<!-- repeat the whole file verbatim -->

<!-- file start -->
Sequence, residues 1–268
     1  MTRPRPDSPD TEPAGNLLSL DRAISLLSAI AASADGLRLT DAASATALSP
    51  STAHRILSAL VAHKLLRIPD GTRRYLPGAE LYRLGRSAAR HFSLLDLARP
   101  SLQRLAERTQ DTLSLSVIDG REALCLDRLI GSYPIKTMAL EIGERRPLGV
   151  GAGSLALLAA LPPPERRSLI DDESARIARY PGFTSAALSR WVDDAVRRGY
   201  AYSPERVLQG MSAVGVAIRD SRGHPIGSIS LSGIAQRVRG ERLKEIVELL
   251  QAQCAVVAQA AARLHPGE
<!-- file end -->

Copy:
Sequence, residues 1–268
     1  MTRPRPDSPD TEPAGNLLSL DRAISLLSAI AASADGLRLT DAASATALSP
    51  STAHRILSAL VAHKLLRIPD GTRRYLPGAE LYRLGRSAAR HFSLLDLARP
   101  SLQRLAERTQ DTLSLSVIDG REALCLDRLI GSYPIKTMAL EIGERRPLGV
   151  GAGSLALLAA LPPPERRSLI DDESARIARY PGFTSAALSR WVDDAVRRGY
   201  AYSPERVLQG MSAVGVAIRD SRGHPIGSIS LSGIAQRVRG ERLKEIVELL
   251  QAQCAVVAQA AARLHPGE